flashfic, short stories

Moon, Paper, Scissors

cover of Lady Churchill's Rosebud Wristlet no. 16

White shapes fell from Mei’s hands: here a narrow triangle, there a half-ripped crescent.  A shadow cut across the pile of scraps on the floor.  Mei stopped, her scissors gaping wide and bright.  She did not look away from the blades.

The voice came, not from the TV.  It said her name once, twice–a third time, stopping short of four.  The words fell on her like snow, individual sounds lost in the voice’s inflections.  The hands took away her scissors.

Mei understood what the words wanted.  The paper shadows she had cut out were safe in her sleeve, a frail, itchy presence against her skin.  She would have to finish the last one later.  The white fragments she swept up and scattered into the recycling bin.  The voice lowered in pitch, intensified.  Mei opened and closed her hands, making them into scissors.  Those shadow-blades could not cut her.

The moon curved across the window and over the sky.  Night followed in its wake.  After the hands tucked her in and the feet took the voice away, Mei brought her family out from under the pillow and laid them across the blanket, over her lap.  Mama and Dada and her laughing, laughing big brother.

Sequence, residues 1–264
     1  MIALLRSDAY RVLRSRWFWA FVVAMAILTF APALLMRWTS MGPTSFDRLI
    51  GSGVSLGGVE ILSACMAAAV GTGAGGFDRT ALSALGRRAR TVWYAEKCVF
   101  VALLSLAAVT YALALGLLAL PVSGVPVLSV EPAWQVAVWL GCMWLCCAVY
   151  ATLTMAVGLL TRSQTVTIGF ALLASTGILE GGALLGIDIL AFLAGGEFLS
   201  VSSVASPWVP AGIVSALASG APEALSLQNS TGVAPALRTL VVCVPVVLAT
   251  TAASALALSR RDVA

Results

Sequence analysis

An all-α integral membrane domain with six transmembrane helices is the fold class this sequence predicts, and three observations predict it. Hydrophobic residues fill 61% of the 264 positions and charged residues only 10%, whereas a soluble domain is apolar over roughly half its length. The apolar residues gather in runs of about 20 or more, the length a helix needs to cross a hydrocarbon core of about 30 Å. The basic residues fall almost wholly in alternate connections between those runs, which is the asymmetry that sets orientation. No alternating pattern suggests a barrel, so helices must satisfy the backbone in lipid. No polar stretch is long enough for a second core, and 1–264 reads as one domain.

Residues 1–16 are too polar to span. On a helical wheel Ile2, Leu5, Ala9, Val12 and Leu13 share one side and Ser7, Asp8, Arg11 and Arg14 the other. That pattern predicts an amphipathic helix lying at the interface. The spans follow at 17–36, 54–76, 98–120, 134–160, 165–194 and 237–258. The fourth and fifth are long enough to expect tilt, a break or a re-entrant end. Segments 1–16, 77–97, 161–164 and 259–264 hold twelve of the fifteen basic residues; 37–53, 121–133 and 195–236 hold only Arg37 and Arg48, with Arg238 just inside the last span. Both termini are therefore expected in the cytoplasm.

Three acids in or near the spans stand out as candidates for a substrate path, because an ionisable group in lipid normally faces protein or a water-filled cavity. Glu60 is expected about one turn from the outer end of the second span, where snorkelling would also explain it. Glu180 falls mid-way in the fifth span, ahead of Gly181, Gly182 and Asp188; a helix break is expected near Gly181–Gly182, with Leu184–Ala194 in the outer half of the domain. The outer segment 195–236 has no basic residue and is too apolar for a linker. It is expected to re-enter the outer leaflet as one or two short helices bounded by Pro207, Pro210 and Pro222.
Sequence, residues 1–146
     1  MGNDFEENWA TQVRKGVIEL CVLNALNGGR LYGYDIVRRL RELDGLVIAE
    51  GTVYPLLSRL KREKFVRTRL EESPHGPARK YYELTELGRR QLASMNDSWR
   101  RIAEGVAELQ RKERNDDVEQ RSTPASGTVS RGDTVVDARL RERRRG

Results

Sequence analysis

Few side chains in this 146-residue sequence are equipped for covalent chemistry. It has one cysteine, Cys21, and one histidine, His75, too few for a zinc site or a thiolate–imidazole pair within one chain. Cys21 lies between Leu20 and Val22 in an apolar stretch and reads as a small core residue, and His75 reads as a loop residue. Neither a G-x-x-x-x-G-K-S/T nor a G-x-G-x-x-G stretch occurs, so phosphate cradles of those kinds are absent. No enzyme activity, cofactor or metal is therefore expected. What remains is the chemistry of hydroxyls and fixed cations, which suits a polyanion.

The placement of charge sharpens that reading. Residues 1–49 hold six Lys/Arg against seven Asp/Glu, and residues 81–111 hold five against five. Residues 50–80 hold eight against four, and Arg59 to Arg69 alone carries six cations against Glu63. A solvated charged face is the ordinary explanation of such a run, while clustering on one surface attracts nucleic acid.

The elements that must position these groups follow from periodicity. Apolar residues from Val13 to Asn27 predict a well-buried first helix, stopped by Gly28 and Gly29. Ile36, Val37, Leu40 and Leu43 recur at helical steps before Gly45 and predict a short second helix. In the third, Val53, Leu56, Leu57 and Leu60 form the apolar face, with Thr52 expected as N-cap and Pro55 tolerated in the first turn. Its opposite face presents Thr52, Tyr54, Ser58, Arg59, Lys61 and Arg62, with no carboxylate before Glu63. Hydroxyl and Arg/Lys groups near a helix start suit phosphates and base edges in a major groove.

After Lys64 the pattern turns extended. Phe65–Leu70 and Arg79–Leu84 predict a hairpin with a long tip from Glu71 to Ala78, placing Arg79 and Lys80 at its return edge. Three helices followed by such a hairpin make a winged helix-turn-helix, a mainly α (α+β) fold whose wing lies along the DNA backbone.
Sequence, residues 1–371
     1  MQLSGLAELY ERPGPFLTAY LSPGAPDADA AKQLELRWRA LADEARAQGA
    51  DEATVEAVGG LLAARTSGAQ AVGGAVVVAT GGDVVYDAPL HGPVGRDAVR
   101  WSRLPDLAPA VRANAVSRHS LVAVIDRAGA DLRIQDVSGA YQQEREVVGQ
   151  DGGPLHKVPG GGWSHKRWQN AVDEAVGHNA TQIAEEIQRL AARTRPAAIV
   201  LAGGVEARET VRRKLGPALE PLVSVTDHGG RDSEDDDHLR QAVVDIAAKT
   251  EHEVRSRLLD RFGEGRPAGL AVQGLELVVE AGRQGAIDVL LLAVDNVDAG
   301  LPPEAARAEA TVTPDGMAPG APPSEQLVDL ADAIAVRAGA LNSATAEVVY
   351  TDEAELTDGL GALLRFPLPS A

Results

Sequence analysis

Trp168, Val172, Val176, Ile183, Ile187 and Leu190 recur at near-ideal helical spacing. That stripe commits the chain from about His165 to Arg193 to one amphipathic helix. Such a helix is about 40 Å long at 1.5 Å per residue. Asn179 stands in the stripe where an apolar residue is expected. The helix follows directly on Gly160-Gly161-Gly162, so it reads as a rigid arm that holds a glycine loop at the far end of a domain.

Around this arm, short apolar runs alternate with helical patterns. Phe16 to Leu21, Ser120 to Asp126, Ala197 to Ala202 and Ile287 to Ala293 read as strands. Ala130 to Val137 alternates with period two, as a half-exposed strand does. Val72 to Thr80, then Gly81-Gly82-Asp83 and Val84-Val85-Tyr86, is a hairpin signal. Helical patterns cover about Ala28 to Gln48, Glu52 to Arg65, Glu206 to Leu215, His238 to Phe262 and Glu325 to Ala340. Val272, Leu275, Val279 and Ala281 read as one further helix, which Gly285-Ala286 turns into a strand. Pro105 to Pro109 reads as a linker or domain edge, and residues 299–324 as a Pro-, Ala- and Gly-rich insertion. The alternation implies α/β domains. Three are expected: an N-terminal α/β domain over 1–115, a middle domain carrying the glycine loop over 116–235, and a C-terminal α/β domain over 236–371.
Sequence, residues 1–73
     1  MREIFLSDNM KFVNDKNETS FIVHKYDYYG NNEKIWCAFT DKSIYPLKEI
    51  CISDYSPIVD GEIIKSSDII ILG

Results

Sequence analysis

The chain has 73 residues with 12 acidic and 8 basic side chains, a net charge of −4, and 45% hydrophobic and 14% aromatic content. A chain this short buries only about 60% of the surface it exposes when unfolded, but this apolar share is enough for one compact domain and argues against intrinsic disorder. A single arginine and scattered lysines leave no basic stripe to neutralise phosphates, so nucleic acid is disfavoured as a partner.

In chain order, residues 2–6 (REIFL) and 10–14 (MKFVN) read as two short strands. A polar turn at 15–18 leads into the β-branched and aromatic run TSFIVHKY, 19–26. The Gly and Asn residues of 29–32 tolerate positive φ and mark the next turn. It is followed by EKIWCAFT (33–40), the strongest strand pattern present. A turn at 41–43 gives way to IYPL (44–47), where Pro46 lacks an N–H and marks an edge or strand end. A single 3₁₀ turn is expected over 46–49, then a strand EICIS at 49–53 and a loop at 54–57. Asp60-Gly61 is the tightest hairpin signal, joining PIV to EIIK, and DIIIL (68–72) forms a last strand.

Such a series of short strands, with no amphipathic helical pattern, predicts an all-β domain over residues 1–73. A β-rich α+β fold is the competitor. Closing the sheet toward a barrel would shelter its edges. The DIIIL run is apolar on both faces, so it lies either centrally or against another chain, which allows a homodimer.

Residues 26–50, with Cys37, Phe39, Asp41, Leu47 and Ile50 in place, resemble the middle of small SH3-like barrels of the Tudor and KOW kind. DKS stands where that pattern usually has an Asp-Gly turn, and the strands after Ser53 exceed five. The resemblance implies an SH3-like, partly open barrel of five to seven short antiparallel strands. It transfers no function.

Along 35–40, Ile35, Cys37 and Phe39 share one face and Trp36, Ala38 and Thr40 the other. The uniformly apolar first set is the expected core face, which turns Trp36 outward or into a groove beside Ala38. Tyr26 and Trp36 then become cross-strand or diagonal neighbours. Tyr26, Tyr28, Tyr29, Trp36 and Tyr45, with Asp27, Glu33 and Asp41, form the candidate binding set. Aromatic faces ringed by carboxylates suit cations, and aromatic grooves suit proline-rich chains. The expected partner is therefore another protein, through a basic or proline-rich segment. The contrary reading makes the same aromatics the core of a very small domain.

She remembered the smoke in her lungs, the hot gritty cinders.  She remembered a bed that was not this one, with a lumpier quilt, and her brother across the room.  She remembered.

The only one missing in the family was Mei.  She did not have scissors to finish cutting out the last paper doll.  If she tiptoed out of bed, the feet would come and the hands would hold her until she pretended sleep again.

She had her own hands.  Folding and refolding, wetting the edges with her tongue, Mei freed herself from the shapes of paper and fluttered next to them, white, flammable, together.

Fantasy flash. A melancholy paper-doll story. Thanks to my sister, Beth Bernobich, Paul Huwe, Mrissa, Charles M., and Jacqueline A. Lott. Appeared in Lady Churchill’s Rosebud Wristlet no. 16.